by Hani Yassine
The Lance – Arts & Culture Writer
It tells the story of a traditional Ontario town trying to decorate the oldest living Christmas tree. On one hand, the production arrives just in time for the upcoming holiday season, but on the other hand, it is also used as a vehicle to educate the audience about inclusiveness, which given today’s social climate makes the production a timelier piece.
“It’s a story about all the newcomers in the town who want us to celebrate their traditions, and the town trying to deal with the fact that things are changing and try to keep their traditions at the same time,” said Reid Janisse.
Presented by Toronto’s Second City Family Company, ‘Miracle on Mercer Street’ has been an audience favourite according to Janisse, who wrote and directed the play. Fusing the practice of puppetry with live-action theatrics, the show ran for four years between 2010 and 2013, only to return to the Second City Main Stage this year due to popular demand, knowing despite it being a family-oriented musical comedy, it carries a resonant message with adults just as well.
“It’s really all about listening to each other, accepting our differences and going forward in celebrations,” Janisse said.
Janisse’s theatre resume is, to say the least, comprehensive. He has gone to write and direct in numerous productions, some of which involved touring across the continent and beyond, on top of being part of the Second City alumni in Toronto. Prior to all of this, however, he was a UWindsor student, graduating in Drama and Education back in 1999. He says his experiences in Windsor helped lay the foundation for the person he ended up becoming, and that if there is one lesson he had taken from his studies which he has applied regularly, it is the importance of creative play.
“As we get older we tend to forget the importance of play, and we tend to forget how to play,” Janisse said. “I think that it’s really important, especially as an artist, to be able to constantly put yourself into that realm.”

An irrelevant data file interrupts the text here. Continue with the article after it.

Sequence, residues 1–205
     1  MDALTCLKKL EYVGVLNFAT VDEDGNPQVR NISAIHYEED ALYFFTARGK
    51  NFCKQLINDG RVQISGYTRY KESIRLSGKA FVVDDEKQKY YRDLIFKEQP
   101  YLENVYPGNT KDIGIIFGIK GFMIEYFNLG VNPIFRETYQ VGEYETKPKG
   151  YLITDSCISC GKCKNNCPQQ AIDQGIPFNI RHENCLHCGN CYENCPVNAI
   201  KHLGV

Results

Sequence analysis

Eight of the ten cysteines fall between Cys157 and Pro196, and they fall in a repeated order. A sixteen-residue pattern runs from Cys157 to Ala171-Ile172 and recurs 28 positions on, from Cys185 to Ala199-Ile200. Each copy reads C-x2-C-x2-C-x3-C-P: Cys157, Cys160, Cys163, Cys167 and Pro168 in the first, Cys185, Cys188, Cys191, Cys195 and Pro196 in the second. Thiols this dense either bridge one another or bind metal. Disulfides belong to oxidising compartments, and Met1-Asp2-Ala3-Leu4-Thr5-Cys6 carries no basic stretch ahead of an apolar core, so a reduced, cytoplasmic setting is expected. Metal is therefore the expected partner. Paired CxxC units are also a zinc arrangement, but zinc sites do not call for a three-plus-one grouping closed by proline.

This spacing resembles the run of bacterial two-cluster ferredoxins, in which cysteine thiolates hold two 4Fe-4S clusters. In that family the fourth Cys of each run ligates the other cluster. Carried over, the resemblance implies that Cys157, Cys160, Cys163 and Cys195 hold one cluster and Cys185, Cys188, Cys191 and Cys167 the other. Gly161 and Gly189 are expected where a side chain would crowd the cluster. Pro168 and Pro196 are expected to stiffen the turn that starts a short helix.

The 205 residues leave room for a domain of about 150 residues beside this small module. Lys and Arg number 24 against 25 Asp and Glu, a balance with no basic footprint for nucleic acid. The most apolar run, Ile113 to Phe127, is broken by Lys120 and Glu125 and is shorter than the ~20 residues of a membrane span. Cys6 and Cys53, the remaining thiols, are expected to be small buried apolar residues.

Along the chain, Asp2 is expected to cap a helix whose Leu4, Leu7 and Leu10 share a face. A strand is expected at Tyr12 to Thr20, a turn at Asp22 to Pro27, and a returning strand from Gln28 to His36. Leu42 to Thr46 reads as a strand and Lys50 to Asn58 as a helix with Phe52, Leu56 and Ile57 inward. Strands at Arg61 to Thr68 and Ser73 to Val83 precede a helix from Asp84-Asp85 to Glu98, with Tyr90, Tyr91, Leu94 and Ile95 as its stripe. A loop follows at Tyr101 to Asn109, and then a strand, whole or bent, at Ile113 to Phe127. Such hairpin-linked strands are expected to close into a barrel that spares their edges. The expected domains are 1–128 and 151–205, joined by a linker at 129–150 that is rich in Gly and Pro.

In being familiar with the struggles of an artistic career following graduation, Janisse says one of the ways to sustain the pursuit of artistic endeavours is to diversify employ-ability. While it’s not impossible to achieve, to maintain a revenue stream based solely on artistic projects is difficult to accomplish. With the drama and education degree from UWindsor, as well as a bachelor of education from the University of Toronto, Janisse can teach and perform commercial work which allows him to tackle intended projects on a consistent basis. In other words, it’s a matter of doing what you must in order to do what you want, something that remains a fabric of numerous professions.
“It’s knowing if you want to move to Toronto or if you want to move to Los Angeles, have a skill you can use to make money, because a lot of the pressure on an artist, especially if they’re first starting out, is the space between jobs,” Janisse said.
Janisse says when it comes to pursuing actual theatre work, in the beginning of one’s career you must be willing to say yes to anything coming your way. He recalls early in his career on how he performed improv over one summer at Canada’s Wonderland, where he played one of the alien races from ‘Star Trek’. While it may not have been an ideal career destination, the contacts made from that job allowed him to take another one where he toured across North America which culminated towards thousands of stage time hours.
“You never know when a little job is going to give you connections that are going to propel your career to the next level,” Janisse said.
Janisse’s ‘Miracle on Mercer Street’ will run from Dec. 16 to Jan. 5 at Toronto’s Second City theatre, otherwise known as 51 Mercer St.
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